NZCA considers that protecting biodiversity should be assigned the highest priority and be defined in the decision-making process. Successful international MPA networks have clearly defined, quantitative guiding principles (e.g. the Biophysical Operational Principles for the Great Barrier Reef Marine Park). It is the understanding of the NZCA that setting guiding principles and clearly articulating goals for the MPA network will assist with planning and implementation – and enable the wider public to understand the purposes and reasoning for protection as well as the issues involved in the selection of specific sites.
In summary the NZCA considers that:
- The importance of protecting biodiversity should be assigned the highest priority and be specified as a necessary element in the decision-making process.
- There should be definitions that provide guidance on spatial scale and position of MPAs - in particular the minimum area, minimum length of maximum dimension, and the distance between MPAs.
- There needs to be clarification about the replication of each representative habitat type within each biogeographic region, and the minimum percent of each habitat type that is to be represented within the network should be defined.
- The relative importance of stakeholder values and the roles of stakeholders in the design and decision-making processes need to be more adequately defined. In relation to maximising biodiversity at what stages do stakeholder values become incorporated – how is consensus reached? – and when/how do principles override community/stakeholder wishes?
- Integration between regions is essential and a national oversight is required to coordinate between bioregions. There is a need for bottom-up and top-down planning and integration of the MPA network.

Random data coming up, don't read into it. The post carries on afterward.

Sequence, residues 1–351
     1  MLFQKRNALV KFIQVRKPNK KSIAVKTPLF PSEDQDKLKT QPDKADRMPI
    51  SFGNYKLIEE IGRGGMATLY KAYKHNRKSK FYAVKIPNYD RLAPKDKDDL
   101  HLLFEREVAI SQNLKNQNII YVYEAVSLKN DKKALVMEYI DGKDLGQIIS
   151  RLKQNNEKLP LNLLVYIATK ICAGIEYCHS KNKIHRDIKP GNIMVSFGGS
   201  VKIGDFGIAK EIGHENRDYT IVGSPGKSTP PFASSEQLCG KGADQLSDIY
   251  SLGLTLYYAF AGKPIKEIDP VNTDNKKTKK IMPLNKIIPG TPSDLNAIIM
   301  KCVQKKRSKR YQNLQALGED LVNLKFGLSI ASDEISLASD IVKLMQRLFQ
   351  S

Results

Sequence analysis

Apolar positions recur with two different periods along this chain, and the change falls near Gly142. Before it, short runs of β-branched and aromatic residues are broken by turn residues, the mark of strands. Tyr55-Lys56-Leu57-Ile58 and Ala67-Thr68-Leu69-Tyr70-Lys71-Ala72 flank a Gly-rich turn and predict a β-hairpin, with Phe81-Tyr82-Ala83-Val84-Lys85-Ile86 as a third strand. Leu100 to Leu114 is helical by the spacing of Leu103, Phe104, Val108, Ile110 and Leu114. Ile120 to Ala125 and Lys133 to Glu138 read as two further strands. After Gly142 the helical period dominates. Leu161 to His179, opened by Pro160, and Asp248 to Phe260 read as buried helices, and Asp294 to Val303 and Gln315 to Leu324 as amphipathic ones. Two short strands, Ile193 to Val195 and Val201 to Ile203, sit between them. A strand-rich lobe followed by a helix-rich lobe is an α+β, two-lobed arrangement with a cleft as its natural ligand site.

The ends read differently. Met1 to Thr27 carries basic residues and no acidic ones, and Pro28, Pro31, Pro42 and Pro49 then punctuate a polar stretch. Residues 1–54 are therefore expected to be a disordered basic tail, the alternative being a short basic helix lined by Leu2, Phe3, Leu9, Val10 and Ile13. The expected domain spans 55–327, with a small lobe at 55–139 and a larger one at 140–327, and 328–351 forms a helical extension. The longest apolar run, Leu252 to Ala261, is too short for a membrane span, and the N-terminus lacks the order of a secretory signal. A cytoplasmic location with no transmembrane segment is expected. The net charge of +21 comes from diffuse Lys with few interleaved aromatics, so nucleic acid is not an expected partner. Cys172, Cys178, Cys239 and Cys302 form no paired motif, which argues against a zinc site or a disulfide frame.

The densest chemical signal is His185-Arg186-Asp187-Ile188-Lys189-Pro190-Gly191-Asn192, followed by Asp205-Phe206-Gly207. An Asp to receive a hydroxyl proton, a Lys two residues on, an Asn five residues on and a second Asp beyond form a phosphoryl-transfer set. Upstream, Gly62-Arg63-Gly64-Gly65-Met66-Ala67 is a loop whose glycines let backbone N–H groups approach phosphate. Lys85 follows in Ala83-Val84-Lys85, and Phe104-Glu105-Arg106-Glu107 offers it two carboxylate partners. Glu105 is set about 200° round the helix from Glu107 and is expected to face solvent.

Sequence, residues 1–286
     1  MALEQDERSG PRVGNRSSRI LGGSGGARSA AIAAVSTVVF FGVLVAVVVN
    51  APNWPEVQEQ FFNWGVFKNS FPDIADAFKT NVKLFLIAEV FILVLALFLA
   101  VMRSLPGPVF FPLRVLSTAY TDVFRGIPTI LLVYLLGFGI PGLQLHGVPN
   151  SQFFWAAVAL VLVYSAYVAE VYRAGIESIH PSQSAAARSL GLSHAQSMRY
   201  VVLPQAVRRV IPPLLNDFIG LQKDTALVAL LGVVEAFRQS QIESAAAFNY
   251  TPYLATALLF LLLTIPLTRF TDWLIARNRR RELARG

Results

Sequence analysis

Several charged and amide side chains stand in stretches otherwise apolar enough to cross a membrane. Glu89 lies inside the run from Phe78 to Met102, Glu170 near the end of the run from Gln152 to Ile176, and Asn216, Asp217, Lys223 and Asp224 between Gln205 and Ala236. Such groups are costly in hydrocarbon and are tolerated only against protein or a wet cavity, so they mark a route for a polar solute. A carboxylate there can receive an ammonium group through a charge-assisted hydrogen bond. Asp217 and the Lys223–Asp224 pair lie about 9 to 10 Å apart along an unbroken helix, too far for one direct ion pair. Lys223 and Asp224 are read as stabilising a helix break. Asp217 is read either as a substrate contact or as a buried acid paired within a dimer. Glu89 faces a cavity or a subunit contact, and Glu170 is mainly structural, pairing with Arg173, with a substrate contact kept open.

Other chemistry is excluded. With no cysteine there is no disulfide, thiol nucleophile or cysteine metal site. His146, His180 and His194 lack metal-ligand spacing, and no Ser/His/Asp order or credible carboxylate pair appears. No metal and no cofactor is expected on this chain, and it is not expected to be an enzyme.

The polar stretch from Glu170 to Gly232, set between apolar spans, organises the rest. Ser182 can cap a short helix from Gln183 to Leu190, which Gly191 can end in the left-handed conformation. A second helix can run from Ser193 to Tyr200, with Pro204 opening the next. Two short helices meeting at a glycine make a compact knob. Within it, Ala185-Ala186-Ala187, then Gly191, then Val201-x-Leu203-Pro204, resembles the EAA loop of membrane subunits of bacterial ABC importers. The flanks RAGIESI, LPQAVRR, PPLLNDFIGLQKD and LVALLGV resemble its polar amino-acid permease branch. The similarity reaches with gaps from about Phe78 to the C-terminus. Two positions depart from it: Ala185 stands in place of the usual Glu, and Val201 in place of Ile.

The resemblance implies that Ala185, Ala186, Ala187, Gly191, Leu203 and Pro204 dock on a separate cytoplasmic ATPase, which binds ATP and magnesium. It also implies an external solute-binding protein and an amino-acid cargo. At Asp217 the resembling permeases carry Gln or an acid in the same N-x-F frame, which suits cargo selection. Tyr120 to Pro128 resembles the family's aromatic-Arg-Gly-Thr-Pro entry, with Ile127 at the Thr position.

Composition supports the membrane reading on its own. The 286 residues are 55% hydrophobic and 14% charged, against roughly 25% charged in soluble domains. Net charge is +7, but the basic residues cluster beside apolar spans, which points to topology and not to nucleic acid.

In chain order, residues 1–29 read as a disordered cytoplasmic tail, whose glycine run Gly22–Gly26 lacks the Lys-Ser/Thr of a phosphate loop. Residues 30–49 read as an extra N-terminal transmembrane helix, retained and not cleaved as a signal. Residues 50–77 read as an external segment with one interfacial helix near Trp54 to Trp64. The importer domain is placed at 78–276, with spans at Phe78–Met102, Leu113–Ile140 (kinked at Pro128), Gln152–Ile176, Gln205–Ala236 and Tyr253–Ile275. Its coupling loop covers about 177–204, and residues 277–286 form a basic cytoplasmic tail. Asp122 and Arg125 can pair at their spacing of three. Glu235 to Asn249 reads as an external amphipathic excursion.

- MPAs need to be part of a wider integrated sustainable management regime to enable multiple use of ecosystems
Specific Comments - Protection Standard:
Interpretation and application of the Protection Standard
The consultation document states (para 4) that the Protection Standard “is important because it sets out the outcome we want to achieve for every MPA site in New Zealand….” However the ways in which this will achieved are not clear from this document.
The governance and management structures are critical to the success of the proposed MPA network. Without this information it is unclear how the standards presented in this document will be applied.
- The governance for MPAs is not clear to the NZCA.
- There is no information about how the Marine Protection Planning Fora (MPPFs) are to be established,
- How many MPPFs will be required around the country to get the appropriate coverage of coastal areas including offshore islands, and to make sure that issues relating to the boundary areas will be dealt with appropriately?.
- How much discretion will be left to the MPPFs?
- How will the standards be applied?
What support will be provided to MPPFs as far as research results, interpretation of data, guidance on how to balance/weight different considerations (intrinsic, inter-generational, science, community aspirations, commercial drivers)? Planning Principle 7 (paras 37-39) deals with the concept of “best available information” but it is not clear how the “..ecological, environmental, social, cultural and economic aspects of the marine environment…” will be balanced, and who will be responsible for this complex balancing act. The Protection Standard seems to be built around the concept of managing impacts of human-generated changes to the environment, and the concept of core environmental standards does not feature in this document. In the NZCA’s view the document does not provide sufficient guidance.
There is no mention of Planning Principle 3 “The special relationship between the Crown and Maori will be provided for, including kaitiakitanga, customary use and matauranga Maori”. This seems to be critical to the success of the MPA processes and the NZCA is very concerned that this is not addressed.
There is no mention of Protection Principle 4 “MPA establishment will be undertaken in a transparent, participatory and timely manner”. The NZCA has concerns about all three of these characteristics of the MPA establishment process. In order to be “transparent” more information is required for the general public both in terms of plain language and readily accessible information, and also by way of explanation of how the MPPF approach will work. This is at the heart of “participatory” – whose voices will be heard and who is able to participate in the establishment and on-going governance? As far as “timely”, the NZCA does not consider that only beginning to examine offshore MPAs in 2013 meets an adequate standard, and there is also no indicative timeline for the coastal MPA roll-out.